This leaves the home ginger-beer brewer with a few problems. Pasteurisation to stop fermentation and force carbonation isn’t really an option because of the amount of kit needed. Teenage over-enthusiasm aside neither is producing a special-brew strength ginger beer, although from the research I’ve done the final strength of the original brew was around 11%. You just don’t need that much alcohol in it so a way to keep it fizzy but keep the alcohol levels down must be found. The way this seems to have been tackled in the late Victorian era was to maintain a steady fermentation in a jug, pouring off the product into a bottle to finish the fermentation/carbonation and serving the brew with the yeast still very much alive in it. This is how I approached a much later adulthood attempt at ginger beer.

Still using baker’s yeast to emphasize CO2 production and not alcohol I started a jug of warm water, sugar, ground ginger and yeast. You feed it a spoonful of sugar and a spoonful of ginger everyday for a week then pour off the fermenting mixture into a bottle, leave that for a few days then open and enjoy, or not, in fact decidedly not. The same sort of mixture results; very yeasty dusty and a bit gingery. Not pleasant at all. I did some research and discovered that there is actually a second microbe in the closest recipe you can get to the original and that this is normally available only from “yeast banks”. At this point I give up.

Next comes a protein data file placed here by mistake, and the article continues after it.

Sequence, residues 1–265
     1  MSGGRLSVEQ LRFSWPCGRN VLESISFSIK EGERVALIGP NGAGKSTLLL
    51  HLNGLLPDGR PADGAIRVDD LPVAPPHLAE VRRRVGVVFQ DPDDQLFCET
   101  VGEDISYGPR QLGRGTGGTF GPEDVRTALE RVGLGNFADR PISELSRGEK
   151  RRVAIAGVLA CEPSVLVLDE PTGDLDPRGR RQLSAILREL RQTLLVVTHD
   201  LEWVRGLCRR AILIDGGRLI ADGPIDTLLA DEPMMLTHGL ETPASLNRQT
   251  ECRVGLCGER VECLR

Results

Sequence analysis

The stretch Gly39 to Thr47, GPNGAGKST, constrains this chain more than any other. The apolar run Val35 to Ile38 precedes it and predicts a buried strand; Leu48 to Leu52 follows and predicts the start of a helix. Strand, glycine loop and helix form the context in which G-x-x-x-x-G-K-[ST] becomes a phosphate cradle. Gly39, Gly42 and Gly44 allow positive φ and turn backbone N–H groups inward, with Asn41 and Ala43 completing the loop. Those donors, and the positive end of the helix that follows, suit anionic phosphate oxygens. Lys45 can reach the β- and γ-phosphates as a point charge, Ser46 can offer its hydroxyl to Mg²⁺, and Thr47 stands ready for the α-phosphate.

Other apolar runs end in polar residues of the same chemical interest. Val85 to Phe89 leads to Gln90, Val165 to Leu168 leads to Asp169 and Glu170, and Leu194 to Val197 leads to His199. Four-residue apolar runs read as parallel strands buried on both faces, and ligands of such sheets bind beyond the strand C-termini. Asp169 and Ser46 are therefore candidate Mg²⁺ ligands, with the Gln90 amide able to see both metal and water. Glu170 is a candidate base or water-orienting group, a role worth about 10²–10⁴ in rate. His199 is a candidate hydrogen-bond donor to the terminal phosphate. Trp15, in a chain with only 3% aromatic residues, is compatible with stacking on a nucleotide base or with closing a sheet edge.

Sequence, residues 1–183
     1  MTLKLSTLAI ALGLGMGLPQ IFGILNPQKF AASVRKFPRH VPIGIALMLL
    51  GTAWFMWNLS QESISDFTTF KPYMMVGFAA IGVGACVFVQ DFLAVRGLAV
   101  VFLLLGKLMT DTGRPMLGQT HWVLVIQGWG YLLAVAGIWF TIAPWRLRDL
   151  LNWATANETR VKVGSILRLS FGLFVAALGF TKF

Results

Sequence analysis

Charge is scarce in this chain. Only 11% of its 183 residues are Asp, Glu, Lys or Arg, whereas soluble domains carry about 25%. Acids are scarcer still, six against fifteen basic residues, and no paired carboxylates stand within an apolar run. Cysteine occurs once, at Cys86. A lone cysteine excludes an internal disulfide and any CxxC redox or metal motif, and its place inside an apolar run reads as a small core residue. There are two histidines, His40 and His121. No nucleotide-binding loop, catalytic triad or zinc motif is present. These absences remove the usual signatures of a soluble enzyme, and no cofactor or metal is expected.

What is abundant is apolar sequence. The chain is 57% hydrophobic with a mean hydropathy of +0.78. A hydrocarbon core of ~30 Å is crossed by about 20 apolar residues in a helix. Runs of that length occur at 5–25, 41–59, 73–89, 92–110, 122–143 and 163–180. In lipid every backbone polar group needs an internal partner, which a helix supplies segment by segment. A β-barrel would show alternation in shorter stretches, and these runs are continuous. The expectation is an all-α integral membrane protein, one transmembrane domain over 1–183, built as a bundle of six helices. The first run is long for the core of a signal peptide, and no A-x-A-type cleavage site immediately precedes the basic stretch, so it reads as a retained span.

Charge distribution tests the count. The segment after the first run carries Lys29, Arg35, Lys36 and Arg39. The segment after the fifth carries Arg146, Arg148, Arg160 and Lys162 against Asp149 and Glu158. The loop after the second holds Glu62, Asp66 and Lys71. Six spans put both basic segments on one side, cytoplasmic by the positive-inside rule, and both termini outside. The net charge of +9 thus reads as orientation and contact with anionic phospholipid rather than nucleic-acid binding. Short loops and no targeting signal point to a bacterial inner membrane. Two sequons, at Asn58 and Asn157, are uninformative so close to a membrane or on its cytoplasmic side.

Ginger beer is very popular in Australia which has several different brands available in just about every corner store. Some of the breweries still produce ginger beers to original recipes. So why am I bothering to make my own? Because I’m a stubborn bastard and if you don’t learn to do something better when you fail at it you may as well not have tried in the first place. I want superior ginger beer with proper flavour and a bit of an alcoholic kick to it and I am not going to be discouraged by the thought that I can buy a bottle of ginger beer and add vodka to it. That seems just a little too easy.

A little problem solving needs to be used in constructing a recipe as not once have I succeeded in brewing anything gingery and drinkable whereas my ordinary beer results have been excellent. The main problems are flavour, alcohol, and pressure and they are all closely related.

Flavour